Louis XIV and the Parlements: The Assertion of Royal Authority

By John J. Hurt | Go to book overview

Conclusion

As previously noted, revisionist historians view the royal state as ruling Old Regime France by means of compromises with national and regional elites, sharing authority with them and protecting their interests in return for their loyalties. This study has tried to show that the administration of Louis XIV had after all an authoritarian core, especially in its relations with the parlements. Absolute government, whatever ornate compromises decorated its multiple facades, rested on an authoritarian foundation.

With respect to our topic, the critical period was 1671–1673. As a result of their resistance to the fiscal demands of the Dutch War, the king imposed upon the tribunals those rules about registration procedure that deprived them of any influence upon new laws, relegating them to the margins of political life for the duration of the reign. Viewed from the perspective of constitutional thought and parlementary precedent, both dating from early in the sixteenth century, this was a big step in a new direction, a daring break with precedent. It was at once inherent in the claims long advanced by sympathizers with absolute government but also contingent upon the events of the 1670s and the personal decisions of Louis XIV.

Nothing ensured that the king would subject the parlements to such a stern regimen; he might have stopped with the rules he established in 1667, more in line with those of his predecessors, and avoided a showdown, as they always did. Instead, he put the parlements in their place and kept them there until he died. When the regent Philippe d’Orléans, after a brief conciliatory period, enjoyed a fresh success with authoritarian methods, he demonstrated once again the hard realism that lay at the heart of absolute government. This is not to deny that in other areas, notably in their spheres of judicial and administrative competence, the royal administration treated the parlements favourably, even leniently. But this was because the king already occupied the political high ground, controlling the strategic terrain. Strong where it counted most, he could afford to relax pressure in areas where issues of supreme authority did not come into play.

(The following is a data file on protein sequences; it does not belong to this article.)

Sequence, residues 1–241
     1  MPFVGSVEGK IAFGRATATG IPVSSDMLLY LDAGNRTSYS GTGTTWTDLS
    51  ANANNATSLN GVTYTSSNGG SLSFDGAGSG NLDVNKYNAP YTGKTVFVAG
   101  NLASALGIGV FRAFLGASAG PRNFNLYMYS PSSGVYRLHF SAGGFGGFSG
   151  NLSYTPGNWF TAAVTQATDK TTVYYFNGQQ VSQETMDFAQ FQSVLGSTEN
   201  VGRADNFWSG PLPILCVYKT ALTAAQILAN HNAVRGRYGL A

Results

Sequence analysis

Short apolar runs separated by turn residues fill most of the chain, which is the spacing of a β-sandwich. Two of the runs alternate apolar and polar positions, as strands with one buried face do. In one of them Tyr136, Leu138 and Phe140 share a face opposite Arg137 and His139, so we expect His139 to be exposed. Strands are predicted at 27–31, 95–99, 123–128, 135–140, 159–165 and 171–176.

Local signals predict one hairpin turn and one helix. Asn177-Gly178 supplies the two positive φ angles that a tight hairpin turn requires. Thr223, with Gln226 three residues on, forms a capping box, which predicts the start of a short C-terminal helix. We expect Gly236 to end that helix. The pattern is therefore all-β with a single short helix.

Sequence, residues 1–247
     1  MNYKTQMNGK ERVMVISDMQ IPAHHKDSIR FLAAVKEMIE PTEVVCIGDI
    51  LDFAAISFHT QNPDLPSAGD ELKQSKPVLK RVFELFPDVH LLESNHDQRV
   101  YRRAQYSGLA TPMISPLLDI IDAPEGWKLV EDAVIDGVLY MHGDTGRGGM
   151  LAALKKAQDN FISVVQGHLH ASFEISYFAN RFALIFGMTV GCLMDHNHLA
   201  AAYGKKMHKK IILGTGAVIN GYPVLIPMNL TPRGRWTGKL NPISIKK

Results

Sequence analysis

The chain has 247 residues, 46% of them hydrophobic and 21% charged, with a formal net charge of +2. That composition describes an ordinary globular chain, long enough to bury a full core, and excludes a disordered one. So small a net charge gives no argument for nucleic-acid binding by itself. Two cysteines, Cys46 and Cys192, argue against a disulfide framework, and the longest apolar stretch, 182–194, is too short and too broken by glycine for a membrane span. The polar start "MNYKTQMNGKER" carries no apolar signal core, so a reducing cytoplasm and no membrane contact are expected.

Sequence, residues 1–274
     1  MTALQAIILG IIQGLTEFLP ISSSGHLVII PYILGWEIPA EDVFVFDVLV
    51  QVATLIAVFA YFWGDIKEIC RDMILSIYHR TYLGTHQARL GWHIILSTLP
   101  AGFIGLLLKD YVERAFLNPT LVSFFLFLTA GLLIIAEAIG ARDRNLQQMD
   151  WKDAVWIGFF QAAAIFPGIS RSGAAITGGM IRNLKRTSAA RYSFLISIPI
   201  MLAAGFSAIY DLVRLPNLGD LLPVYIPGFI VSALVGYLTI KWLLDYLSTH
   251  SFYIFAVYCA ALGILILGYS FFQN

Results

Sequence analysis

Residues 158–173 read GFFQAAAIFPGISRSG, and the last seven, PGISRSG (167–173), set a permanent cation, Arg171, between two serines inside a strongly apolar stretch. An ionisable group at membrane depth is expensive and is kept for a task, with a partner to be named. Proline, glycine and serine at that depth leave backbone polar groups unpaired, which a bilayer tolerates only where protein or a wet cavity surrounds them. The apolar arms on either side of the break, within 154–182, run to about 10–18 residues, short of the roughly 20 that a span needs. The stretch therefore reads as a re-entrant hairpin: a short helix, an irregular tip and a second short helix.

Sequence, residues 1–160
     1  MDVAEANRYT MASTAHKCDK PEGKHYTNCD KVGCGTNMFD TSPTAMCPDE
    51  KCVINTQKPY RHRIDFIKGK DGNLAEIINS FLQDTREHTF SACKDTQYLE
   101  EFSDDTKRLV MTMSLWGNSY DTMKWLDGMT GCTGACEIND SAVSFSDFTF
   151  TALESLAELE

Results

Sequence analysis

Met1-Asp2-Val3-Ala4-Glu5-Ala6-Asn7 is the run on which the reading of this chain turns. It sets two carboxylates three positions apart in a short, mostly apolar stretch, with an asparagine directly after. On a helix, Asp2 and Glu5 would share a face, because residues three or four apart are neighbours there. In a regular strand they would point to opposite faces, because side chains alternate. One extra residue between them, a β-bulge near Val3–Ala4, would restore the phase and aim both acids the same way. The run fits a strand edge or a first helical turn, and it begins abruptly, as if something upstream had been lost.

-195-

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Louis XIV and the Parlements: The Assertion of Royal Authority
Table of contents

Table of contents

  • Title Page iii
  • Contents vii
  • List of Tables viii
  • Preface and Acknowledgements ix
  • List of Abbreviations xvii
  • Introduction- Sovereignty and Registration of the Laws 1
  • 1 - Compulsory Registration and Its Limits, 1665–1671 17
  • 2 - Victory over the Parlements, 1671–1675 38
  • 3 - Venal Office and the Royal Breakthrough 67
  • 4 - The Ordeal of the Parlementaires 95
  • 5 - The Regent and the Parlements- The Bid for Cooperation 125
  • 6 - Confronting the Parlement of Paris, 1718 149
  • 7 - Sequels 173
  • Conclusion 195
  • Select Bibliography 200
  • Index 216
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